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How Much Is Your Company Worth?

By Teri Robinson
Oct 17, 2002 10:35 AM PT

During these tumultuous economic times, even valuable companies show such weak revenues that the whole concept of valuing a company based on multiples of earnings may be fundamentally flawed. But it is still possible for a potential buyer or seller to place a price tag on a tech-sector company. It just takes a little work and a shrewd eye.

How Much Is Your Company Worth?

"Earnings multiples can be dangerous to use in many areas of tech, because the only way to evaluate them is by comparison with other companies in the same industry," analyst David Kathman told the E-Commerce Times.

While he noted that those comparisons represent "a reasonable thing to do in a relatively stable industry, such as food or retailing, it doesn't do you much good when an entire industry collapses, as the telecom industry has over the past couple of years."

Quick Change

Kathman explained that "the value of a stock, at least in theory, is the present value of the future cash flows it's expected to generate, and predicting those cash flows can be notoriously difficult because technology changes so rapidly."

In retrospect, he added, all telecom stocks were vastly overpriced a couple of years ago. "Whether you think they're cheap or expensive now depends on how fast and how strongly you think they'll recover, which nobody knows with any kind of certainty."

Let the Buyer Beware

Indeed, most tech companies are not selling for the premium prices that characterized the dot-com era.

Recently, for example, IBM agreed to pay US$3.5 billion for PricewaterhouseCoopers Consulting, a lot of money in a sagging economy but practically a fire-sale price compared with the $18 billion Hewlett-Packard offered for PwC Consulting in 2000.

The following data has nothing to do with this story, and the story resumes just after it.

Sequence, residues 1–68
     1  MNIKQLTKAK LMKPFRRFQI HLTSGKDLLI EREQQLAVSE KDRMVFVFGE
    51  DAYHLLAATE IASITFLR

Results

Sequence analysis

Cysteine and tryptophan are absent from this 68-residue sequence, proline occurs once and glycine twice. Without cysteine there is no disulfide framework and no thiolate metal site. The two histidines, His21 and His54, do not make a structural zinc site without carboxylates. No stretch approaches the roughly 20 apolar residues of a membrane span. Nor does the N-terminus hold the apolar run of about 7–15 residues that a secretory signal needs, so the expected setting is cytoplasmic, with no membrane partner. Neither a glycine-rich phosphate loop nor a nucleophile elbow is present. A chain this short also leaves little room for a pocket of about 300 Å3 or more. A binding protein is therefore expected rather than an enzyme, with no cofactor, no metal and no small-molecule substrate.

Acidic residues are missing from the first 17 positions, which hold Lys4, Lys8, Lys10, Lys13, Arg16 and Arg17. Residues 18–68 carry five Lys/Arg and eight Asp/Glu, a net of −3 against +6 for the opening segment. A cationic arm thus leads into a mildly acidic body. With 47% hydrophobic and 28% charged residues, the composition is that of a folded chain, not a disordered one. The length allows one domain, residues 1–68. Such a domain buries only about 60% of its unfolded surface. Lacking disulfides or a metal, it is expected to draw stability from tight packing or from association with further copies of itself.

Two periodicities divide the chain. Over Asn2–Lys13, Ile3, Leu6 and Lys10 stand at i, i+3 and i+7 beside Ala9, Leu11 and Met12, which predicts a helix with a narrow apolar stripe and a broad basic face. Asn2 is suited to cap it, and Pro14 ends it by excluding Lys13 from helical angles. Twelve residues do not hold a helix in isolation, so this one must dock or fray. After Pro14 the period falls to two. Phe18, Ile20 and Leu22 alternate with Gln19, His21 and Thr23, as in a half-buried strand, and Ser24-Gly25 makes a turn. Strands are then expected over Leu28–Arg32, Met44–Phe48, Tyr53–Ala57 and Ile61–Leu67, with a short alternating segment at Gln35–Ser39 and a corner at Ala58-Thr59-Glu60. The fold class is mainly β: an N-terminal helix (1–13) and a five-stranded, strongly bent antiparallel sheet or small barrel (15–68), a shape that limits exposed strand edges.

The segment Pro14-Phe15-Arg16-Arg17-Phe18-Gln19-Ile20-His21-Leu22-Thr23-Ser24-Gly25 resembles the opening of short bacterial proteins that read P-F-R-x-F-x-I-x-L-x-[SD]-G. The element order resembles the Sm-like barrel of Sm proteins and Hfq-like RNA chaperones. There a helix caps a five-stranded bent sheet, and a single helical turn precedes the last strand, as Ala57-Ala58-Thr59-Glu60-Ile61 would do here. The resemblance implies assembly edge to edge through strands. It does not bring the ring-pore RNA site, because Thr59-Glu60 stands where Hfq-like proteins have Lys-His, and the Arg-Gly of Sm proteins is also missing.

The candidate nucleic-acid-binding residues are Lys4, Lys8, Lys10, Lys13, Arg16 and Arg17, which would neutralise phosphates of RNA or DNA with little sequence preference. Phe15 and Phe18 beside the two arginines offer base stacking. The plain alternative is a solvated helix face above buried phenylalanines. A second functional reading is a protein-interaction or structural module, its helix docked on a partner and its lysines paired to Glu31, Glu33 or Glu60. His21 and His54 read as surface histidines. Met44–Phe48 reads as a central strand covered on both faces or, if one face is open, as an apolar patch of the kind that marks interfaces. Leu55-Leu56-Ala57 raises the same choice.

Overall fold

Giga Information Group analyst Pascal Matzke told the E-Commerce Times that it is unfair to compare today's purchase price with one proposed two years ago when market conditions were different. Still, with such drastic shifts in price over the past two years, interested buyers and sellers must find some way to evaluate companies.

"It's possible to put a fair valuation on a tech company, but it's harder than putting a value on most non-tech companies," Kathman said.

Finding the Right Price

One way is "to look at the bottom line" when a company is a public one, Giga analyst Andrew Bartels told the E-Commerce Times, or to gain a clear view of what types of products are selling well.

At Morningstar, one method used to value companies is a discounted cash flow (DCF) model. Using this model, analysts "explicitly predict what the company's future cash flows will be, and discount them back to the present using an appropriate discount rate," according to Kathman.

The model lets interested parties determine which assumptions are necessary to justify a given stock price. "I like using DCF models, because they give me something concrete to look at when coming up with a valuation," Kathman noted.

It takes "a lot of experience" and "more than a little intuition" to use the model effectively, he explained. And it is not perfect. "It requires you to input a whole bunch of variables, some of which may be hard to predict." Still, buyers and sellers must take their best guess -- and then face the added challenge of wondering how the effects of too-prevalent scandal could influence a company's overall worth.

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